Besides, Hernandez hasn’t been particularly influential in games that are likely to take the same pattern as this one – ie with the opposition dominating possession. Against Arsenal at the Emirates recently, United only had 45% of possession and Hernandez only completed four passes in open play, and there’s a suspicion that he doesn’t contribute an awful lot when he doesn’t have the ball. He didn’t have a shot in that game, and the same was true in the league game at Stamford Bridge. He would still be a huge threat and probably United’s best chance of a goal if he started, but Ferguson has to balance that threat against the fact that the midfield would be more open, and United might struggle to get the ball forward.
What Hernandez does, however (even without touching the ball) is force the opposition defence to play deeper, which then opens up the gap between the lines of defence and midfield, and creates more space for Wayne Rooney. But whereas Chelsea, for example, were clueless at times without a true holding player, Barca have Sergio Busquets who will stay goalside of Rooney.
The case for playing another central midfielder looks stronger when you consider that Barcelona are far more possession-orientated than they were in 2009. United have a destroyer, but then they don’t need one – often you can’t get close enough to Barca to get a tackle in. What you do need is mobility, and it’s questionable whether there’s enough of that from Ryan Giggs and Michael Carrick in a duo, though the energy of the front three/four makes up for that to a certain extent.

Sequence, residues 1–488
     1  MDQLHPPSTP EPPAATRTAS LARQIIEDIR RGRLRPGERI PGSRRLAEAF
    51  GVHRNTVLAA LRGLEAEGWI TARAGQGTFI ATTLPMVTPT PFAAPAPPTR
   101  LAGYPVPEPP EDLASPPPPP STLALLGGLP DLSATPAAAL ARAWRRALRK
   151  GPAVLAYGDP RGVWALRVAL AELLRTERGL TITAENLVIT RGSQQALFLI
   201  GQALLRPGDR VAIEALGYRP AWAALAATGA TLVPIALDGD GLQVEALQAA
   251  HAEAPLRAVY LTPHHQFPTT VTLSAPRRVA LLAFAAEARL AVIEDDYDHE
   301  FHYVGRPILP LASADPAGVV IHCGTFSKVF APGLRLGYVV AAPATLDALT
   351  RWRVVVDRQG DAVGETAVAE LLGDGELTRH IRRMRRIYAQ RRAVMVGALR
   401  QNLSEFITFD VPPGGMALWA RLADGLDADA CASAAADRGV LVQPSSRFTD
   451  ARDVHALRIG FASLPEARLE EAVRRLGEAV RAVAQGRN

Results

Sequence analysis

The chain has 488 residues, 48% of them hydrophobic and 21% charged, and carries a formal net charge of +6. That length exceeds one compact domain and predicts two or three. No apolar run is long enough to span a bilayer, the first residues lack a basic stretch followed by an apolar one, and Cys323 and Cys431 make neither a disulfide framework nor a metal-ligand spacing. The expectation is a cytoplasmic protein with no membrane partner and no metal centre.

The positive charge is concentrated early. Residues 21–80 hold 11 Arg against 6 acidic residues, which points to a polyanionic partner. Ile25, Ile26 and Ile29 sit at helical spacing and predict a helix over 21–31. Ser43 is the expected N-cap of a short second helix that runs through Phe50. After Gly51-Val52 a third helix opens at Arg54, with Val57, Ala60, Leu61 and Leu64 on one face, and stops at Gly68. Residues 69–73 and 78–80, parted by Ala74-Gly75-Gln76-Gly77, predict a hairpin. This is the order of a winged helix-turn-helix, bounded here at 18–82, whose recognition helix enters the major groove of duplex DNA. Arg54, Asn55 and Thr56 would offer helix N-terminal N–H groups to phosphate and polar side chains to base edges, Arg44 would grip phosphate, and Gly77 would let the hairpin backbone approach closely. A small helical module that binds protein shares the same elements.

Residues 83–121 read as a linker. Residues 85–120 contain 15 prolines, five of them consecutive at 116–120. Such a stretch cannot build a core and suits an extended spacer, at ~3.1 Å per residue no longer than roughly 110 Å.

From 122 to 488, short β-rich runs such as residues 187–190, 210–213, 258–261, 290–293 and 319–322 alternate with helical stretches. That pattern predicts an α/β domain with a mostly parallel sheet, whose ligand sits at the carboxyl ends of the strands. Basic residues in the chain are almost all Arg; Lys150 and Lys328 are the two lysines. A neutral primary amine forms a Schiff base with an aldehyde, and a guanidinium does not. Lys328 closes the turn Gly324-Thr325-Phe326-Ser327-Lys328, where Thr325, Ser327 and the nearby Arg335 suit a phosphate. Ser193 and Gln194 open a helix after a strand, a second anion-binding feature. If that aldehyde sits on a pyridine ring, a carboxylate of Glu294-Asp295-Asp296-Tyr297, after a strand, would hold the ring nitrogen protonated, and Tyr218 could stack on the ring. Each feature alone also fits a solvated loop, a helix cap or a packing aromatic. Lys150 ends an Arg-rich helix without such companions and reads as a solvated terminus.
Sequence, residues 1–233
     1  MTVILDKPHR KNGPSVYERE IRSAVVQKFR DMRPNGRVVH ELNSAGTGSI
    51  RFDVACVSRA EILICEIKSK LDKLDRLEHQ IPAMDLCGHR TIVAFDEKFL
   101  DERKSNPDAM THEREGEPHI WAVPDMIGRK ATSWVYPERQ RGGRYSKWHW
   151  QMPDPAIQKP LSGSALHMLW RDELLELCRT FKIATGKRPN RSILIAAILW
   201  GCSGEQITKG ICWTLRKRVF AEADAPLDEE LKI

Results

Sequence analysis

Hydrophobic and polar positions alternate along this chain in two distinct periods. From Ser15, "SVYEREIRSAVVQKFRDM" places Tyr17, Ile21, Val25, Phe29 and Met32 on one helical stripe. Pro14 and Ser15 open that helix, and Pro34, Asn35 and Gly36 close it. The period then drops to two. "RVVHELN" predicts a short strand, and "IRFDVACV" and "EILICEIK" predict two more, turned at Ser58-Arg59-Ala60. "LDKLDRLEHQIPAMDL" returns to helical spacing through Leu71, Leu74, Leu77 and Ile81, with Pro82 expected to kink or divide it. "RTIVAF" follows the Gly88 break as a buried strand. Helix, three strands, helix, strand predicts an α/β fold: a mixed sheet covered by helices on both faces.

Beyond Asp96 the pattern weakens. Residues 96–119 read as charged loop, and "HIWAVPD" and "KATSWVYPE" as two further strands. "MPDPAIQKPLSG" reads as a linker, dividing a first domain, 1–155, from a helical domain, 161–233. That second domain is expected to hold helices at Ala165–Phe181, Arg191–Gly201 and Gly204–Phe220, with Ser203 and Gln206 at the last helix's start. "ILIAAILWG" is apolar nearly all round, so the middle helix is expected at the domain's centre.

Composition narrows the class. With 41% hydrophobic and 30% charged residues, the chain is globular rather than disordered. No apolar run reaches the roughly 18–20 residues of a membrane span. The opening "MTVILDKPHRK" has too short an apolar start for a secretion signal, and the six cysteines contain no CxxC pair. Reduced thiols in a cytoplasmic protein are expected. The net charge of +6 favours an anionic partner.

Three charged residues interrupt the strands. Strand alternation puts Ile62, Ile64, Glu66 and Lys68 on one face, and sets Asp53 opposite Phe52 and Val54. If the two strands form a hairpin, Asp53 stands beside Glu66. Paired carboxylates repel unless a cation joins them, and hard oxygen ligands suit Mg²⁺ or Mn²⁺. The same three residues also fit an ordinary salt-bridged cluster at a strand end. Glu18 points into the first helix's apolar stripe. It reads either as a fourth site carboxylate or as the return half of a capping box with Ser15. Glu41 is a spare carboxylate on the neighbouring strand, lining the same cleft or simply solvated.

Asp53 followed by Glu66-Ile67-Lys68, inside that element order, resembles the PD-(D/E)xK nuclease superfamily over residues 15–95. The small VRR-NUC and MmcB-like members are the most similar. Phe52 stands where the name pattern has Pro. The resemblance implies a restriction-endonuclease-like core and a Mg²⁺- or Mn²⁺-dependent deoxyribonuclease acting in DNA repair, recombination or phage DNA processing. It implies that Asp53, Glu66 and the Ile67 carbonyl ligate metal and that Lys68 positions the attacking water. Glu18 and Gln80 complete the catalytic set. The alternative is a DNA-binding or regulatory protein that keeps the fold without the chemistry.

Of course, the fitness worries of the candidates for the potential third central midfield position come into play here. Anderson and Fletcher might only be able to last 50 minutes. But Ferguson must be tempted to accept that, play either of them for that amount of time and tell them to close down and press like mad, safe in the knowledge they won’t have to play the full game, so tiring it not a problem. Then, as Arsenal have done twice in two years, really go for it in the final 25 minutes – it was notable how much Theo Walcott’s pace troubled Barcelona at the Emirates last year, and Hernandez might have the same effect.
Manchester United pressed Barcelona from the start in 2009, surprising Guardiola. They won the ball back quickly and forced Barca into mistakes, and they might try and do something similar here. United must be careful, though, because there is no logical solution for pressing Barcelona 4 v 4 without leaving the midfield open for Sergio Busquets, Xavi Hernandez and Andres Iniesta to dominate, not to mention Lionel Messi dropping deep.
It also means playing high up the pitch, which might be a problem for Nemanja Vidic, who has struggled with pace this season and doesn’t like having to turn quickly when a player is sprinting past him. Rio Ferdinand covers very intelligently but Barcelona’s movement upfront is both instinctive and very clever tactically. A particular approach is for Messi to drop deep and then for Pedro and David Villa to make diagonal runs in behind the full-backs and into the space Vidic is occupying (a little like Pedro’s disallowed goal in the Copa del Rey final) and the higher up the pitch United play, the more likely this is to be effective for Barcelona’s front three.